1
$\begingroup$

Is there an app that sends random morse code that I can copy to paper, then shows me what was sent for me to check my work? Basically an app that works like the MFJ-418 Code Tutor. All the apps I find have me hunt and peck for keyboard letters as I copy. Doing that on my phone can be awkward and causes errors. I would rather practice copying code to paper as I would off the airwaves.

Android app preferred does not need to be free

$\endgroup$

closed as off-topic by Kevin Reid AG6YO Feb 1 '16 at 2:29

This question appears to be off-topic. The users who voted to close gave this specific reason:

  • "This question asks for recommendations for specific products, services, software, or electronic designs, which are off-topic as they attract opinionated rather than comprehensive answers. Please consider rephrasing your question in terms of what you should be looking for given your use case or whether a specific product has the capability you need." – Kevin Reid AG6YO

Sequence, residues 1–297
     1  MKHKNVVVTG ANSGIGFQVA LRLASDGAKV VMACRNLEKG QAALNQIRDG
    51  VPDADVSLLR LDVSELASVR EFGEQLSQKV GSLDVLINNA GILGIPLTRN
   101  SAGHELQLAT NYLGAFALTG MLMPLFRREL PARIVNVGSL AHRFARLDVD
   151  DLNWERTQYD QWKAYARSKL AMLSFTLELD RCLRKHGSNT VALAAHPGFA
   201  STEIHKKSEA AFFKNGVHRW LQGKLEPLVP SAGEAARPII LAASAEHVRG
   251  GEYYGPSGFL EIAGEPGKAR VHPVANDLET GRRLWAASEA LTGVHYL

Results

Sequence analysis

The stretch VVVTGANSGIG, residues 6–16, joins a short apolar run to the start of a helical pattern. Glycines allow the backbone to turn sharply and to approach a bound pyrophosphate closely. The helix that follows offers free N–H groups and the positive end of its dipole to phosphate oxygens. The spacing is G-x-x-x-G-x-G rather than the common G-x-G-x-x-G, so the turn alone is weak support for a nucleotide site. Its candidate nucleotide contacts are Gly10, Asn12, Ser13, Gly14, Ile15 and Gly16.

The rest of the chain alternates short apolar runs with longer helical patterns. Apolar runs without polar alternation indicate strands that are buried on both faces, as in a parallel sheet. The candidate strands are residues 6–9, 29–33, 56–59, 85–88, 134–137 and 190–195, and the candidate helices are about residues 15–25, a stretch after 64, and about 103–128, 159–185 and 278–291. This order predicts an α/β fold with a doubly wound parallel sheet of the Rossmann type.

If this question can be reworded to fit the rules in the help center, please edit the question.

  • $\begingroup$ I Googled "Android CW Trainer" and got a whole page of Android CW training apps available. One of the first listed supported a feature allowing you to supply your own text to be used in the sending CW. This was an app by IZ2UUF. Also, copying code to paper is a bad practice and it is limiting to your skill in code copy. Copying in your head is what you want to learn. Why? Well, you get up to around 20 wpm and you will start having trouble keeping up with your writing code to paper. At 30 wpm I don't think it is possible to write to paper by hand -- at least not by me. $\endgroup$ – K7PEH Jan 10 '16 at 16:47
  • $\begingroup$ Learn CW Online (lcwo.net) is not an app, but it's a great resource for improving CW skills. $\endgroup$ – Riccati Jan 11 '16 at 19:06
2
$\begingroup$